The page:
And we witness this in other intellectual areas — especially regarding a great number of issues where partisans for the dirigiste state proclaim great success for their programs. What these advocates do is cite trends after the introduction of their favored nostrums, to “prove” how well they work, ignoring that the favorable trend lines they identify had been running in their direction before their programs were put in place. The classic case is workplace fatalities, which decreased after the introduction of OSHA. But of course workplace fatalities had been trending downwards for some time.

An even more startling case is poverty reduction, which leveled off after the introduction of LBJ’s War on Poverty. America would probably have seen greater alleviations of the conditions of America’s poor if the federal government had done nothing. And if you wonder why that would be the case, contemplate, at length, the Cloward-Piven Strategy.

Those of us who doubt the nature, extent and popularly identified causes of climate change get called “climate deniers,” of course. It is a typically idiotic charge. I have my usual response:

From my memevigilante.com pages.

But, when it comes to climate trends, today’s “climate science consensus” seems to be suffering, itself, from denial. Today’s “hockey stick” pushers play down not only the Little Ice Age but also, more infamously yet, the Medieval Warming Period.

But it is worse than that. They ignore the even bigger picture, the events at the beginning of our own Holocene epoch: the end of the last Ice Age.

It was catastrophic. Sea levels rose hundreds of feet in very short periods of time. The piddling secular incline in sea levels in the last century or so is nothing compared to that deluge.

So I demand of AGW-obsessed climate scientists a great many explanations. Until they can explain how Ice Ages start and end, I cannot trust them about our recent climate trends.

They are, embarrassingly and monomaniacally focused on greenhouse gas emissions and the feedback effects of warming on oceans and their consequent, heat-induced emission of carbon dioxide. And, by the way, they never seem to explain how Ice Ages have not spiralled to total global freeze and warming periods have not spiralled to hothouse infernos. Their fondness for simple models that show positive feedback loops after a “tipping point” — that they almost invariably say would be “irreversible” — is bizarre. They seem immune to recognizing factors leading to homeostasis. Climate is determined by multipe causes, and the limited models of the AGW pseudo-consensus strike me as not merely notoriously bad predictors, but absurd on the face of it.

So, I have a lot of questions. Many, many questions. And these questions — only one set of which I ask here — seem rather obvious to me, but which I never encounter from the over-ballyhooed “climate consensus.” I guess I should ask Tony Heller of RealClimateScience.com (whose recent videos inspired some of my ruminations here), since he recognizes the complexity of climate processes and the importance of a geological perspective on climate — recognition of the Big Picture. (In full disclosure, I have been following popular climatology since The Coming Ice Age was a thing, and helped edit a magazine that published one of the first scholarly critiques of the then-new AGW craze, back in the 1980s.)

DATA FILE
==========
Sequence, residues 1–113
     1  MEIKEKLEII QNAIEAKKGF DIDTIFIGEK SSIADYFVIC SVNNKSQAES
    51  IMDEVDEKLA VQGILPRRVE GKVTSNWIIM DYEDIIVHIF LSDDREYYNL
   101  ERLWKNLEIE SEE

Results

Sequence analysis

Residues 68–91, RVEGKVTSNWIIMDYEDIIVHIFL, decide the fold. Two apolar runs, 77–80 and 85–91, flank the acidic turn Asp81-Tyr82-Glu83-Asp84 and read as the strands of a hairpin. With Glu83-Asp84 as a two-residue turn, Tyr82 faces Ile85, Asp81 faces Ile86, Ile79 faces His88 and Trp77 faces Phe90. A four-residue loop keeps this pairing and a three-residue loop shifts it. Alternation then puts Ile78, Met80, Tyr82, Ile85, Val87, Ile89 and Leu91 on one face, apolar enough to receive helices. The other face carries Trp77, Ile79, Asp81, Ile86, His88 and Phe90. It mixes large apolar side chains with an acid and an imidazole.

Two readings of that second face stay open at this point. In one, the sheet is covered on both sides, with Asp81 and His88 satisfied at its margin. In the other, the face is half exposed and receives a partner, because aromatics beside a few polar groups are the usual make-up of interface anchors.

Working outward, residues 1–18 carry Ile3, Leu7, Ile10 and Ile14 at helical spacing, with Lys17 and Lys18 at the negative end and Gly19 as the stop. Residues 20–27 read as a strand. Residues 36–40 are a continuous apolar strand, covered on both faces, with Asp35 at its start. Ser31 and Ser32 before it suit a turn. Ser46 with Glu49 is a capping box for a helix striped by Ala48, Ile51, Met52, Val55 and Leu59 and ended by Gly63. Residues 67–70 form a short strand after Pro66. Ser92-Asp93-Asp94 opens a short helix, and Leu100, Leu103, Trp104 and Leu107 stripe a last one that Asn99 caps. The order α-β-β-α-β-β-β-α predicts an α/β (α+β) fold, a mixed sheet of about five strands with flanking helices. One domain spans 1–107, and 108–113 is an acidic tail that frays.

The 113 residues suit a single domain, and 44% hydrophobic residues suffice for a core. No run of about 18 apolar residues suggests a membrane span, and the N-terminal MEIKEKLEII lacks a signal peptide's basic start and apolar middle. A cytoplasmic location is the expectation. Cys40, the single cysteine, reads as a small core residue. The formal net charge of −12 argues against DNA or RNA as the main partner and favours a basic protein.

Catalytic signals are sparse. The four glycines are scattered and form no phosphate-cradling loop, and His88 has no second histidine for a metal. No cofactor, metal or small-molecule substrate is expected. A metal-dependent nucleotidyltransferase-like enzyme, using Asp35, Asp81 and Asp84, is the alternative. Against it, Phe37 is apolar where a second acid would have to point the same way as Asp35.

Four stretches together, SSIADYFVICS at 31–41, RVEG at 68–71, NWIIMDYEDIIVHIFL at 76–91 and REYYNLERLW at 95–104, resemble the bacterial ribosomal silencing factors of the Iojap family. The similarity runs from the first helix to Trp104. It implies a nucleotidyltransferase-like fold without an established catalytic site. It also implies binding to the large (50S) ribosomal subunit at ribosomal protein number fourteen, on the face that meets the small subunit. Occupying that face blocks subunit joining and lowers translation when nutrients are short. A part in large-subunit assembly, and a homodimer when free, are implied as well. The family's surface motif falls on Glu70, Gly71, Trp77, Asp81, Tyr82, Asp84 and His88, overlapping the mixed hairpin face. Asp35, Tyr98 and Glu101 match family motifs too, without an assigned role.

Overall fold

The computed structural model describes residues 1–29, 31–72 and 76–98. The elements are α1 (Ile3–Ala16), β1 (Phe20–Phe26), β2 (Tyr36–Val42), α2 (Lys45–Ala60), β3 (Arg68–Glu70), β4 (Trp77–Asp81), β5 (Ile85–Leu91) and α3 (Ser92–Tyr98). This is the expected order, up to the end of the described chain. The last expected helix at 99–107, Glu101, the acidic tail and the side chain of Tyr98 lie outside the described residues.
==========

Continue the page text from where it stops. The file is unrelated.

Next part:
Sticking to recent trends allows many AGW advocates — usually and suspiciously pushing for ever-more intrusive government — to engage in cultic behavior. Anyone trying to win an argument about science who resorts to the “overwhelming consensus” canard loses his Science Card. Science is about public testing — conjectures and refutations — and, as Richard Feynman astutely suggested, distrusting “the experts.”

I would add one heuristic we non-scientists must keep in mind: the reasoned distrust of those whose public “checks and balances” — vanishingly small in an age when the peer review process has been shown to be in crisis — can be so easily swamped by grant checks and their own bank balances. And let us apply some caution here. Government funding can be as corrupting as corporate funding, and is likely more so, since much greater, and is far more prone to political capture and the prejudice elicited by the public-interest halo. Alas, that halo is ever-present, with most folks giving governments the presumption of efficacy, authority and good will. This prejudice is rank bigotry, of course, almost certainly the result of an evolutionary programming to favor in-group hierarchies.

In fine, I remain confident in saying that mainstream of climatology is now addicted not only to cultism but, specifically, to Ice Age Denialism.

twv

Trying to make sense of the world, one book at a time.

* Of course, there is a major caveat here: melting Arctic sea ice cannot cause a sea level rise. Melting glacial ice on the land masses of Greenland and Antarctica would be the almost sole sources of any future sea rise by melting.

Being Hercule, so to speak; publicity photo from The Hollywood Reporter, June 21, 2018.

John Malkovich stars as Hercule Poirot in a 2018 BBC rendition of Agatha Christie’s The A.B.C. Murders, now streaming on Amazon Prime. And his performance bookends a clever thriller just out on Netflix in a film called Velvet Buzzsaw.